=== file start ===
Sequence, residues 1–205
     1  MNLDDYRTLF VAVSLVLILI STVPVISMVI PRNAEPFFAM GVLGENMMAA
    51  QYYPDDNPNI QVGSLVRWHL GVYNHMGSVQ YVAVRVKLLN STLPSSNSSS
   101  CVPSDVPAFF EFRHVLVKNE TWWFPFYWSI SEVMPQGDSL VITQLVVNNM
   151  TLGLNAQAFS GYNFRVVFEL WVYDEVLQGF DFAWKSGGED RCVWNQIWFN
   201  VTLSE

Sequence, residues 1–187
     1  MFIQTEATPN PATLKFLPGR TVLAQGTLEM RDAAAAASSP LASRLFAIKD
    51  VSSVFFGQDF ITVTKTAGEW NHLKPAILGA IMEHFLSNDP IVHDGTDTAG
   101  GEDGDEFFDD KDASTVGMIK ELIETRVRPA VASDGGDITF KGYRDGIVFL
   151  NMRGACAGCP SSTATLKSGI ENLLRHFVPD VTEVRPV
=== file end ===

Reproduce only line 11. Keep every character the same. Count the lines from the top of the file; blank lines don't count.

   151  NMRGACAGCP SSTATLKSGI ENLLRHFVPD VTEVRPV